All the Light We Cannot See – Blind to storytelling [TELEVISION REVIEW]
When watching a filmed version, whether good or bad, of a popular or beloved novel, there are several things one needs to do. First, drop all expectations. Some things work on screen, others don’t. Directors and adapters have their own agendas, sometimes enhancing and often detracting from the underlying material. The resurgence of the mini- or limited series has opened up the chance for screenwriters to be more expansive in their translation of books to screen. Ignore the past life of the material and take it at its new face value.When it comes to adaptations, don’t judge the book by its cover, judge the piece by itself.
“All the Light We Cannot See” is set in 1944. Anthony Doer’s best seller was a lovely, lyrical and tension-filled book about the parallel lives of a blind girl in Saint-Malo in France and a German boy at a Nazi Institute of Education for elite young men. Relying heavily on the source material, Steven Knight and Shawn Levy tell Doer’s stories of the girl, Marie-Laure who, despite her handicap, is broadcasting stories over the air that conceal messages to the Allies for their impending invasion; and of the boy, Werner, an orphan with a genius ability with radio transmitters. Werner and Marie have a very important bond. They both grew up listening to a science program broadcast in the years before the war. It inspired them both.
Werner, forced into action by a regime he despises, will be tasked with tracking down illegal radio signals that may be aiding enemies of the Nazis. Marie, left alone in St. Malo by her father when they escaped Paris, has her aunt and uncle to rely upon. Before he disappeared, Marie’s father hid a famous but cursed gem, an enormous diamond called the Sea of Flames. As the Allies get closer and closer to St. Malo, the Germans become more desperate to find Marie and her radio. But one German, Sergeant Major von Rumpel, doesn’t care about the radio. He’s after the Sea of Flames and will stop at nothing to get it.
Somehow, despite good source material, Knight and Levy have flattened the narrative and made it mundane. Tension that plays a major part in the book is almost entirely missing, something that was hard to do given that the story involves Nazis hunting and terrorizing the residents of St. Malo. The spotty acting doesn’t help. In her very first acting role, Aria Mia Loberti, Marie-Laure, is not believable as a naive 16 year old left to fend for herself in a town she doesn’t know. Although visually impaired, Loberti, 30, is unconvincing. Mark Ruffalo as her father Daniel is stiff, without the naturalism he is famous for, using an indefinable accent. More convincing is Hugh Laurie as Marie’s Uncle Etienne, a leader in the Resistance who gives Marie her radio broadcast reading assignments. Louis Hofmann, Werner, is a German actor with international credits. It’s a difficult role but he leads with his conflicted emotions and is the sympathetic core of the series. My favorite, however, is the villain of the piece, von Rumpel, as played by Lars Eidinger. He literally stole the recent Max series “Irma Vep” and has been seen in an international array of excellent films from “My Little Sister” to “Proxima.” A truly evil character, you can see the desperation he wears on his face and in his movements.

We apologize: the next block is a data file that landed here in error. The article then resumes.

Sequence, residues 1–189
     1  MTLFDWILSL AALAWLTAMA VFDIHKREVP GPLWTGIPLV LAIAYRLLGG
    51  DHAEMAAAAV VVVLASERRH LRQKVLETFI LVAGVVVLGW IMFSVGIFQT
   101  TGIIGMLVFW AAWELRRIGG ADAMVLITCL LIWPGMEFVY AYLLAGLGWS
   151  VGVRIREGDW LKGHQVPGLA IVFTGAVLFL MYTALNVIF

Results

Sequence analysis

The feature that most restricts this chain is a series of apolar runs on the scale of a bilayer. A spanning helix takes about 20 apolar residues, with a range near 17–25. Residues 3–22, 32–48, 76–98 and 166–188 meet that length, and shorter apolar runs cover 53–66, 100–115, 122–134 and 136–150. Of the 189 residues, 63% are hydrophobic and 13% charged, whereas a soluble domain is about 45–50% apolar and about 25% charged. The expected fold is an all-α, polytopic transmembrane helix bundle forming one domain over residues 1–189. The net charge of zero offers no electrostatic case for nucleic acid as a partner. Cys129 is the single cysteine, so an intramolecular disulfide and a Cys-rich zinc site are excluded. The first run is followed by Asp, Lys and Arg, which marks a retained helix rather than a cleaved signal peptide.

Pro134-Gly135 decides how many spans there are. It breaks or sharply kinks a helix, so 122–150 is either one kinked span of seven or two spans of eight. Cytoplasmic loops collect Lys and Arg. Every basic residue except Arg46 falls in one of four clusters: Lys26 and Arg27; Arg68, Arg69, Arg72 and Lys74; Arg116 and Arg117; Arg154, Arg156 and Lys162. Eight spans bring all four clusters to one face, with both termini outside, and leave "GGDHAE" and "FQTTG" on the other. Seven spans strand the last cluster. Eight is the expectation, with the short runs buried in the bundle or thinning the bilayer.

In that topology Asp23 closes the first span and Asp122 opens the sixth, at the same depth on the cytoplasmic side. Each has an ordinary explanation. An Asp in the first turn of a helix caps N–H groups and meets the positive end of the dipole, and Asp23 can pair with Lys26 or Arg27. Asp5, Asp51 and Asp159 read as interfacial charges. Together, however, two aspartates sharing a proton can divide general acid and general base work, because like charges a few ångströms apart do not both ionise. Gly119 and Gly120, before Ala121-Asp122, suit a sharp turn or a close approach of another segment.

Fans of the book will be sorely disappointed; it will be merely perplexing to those who approach it for the first time.
Now streaming on Netflix.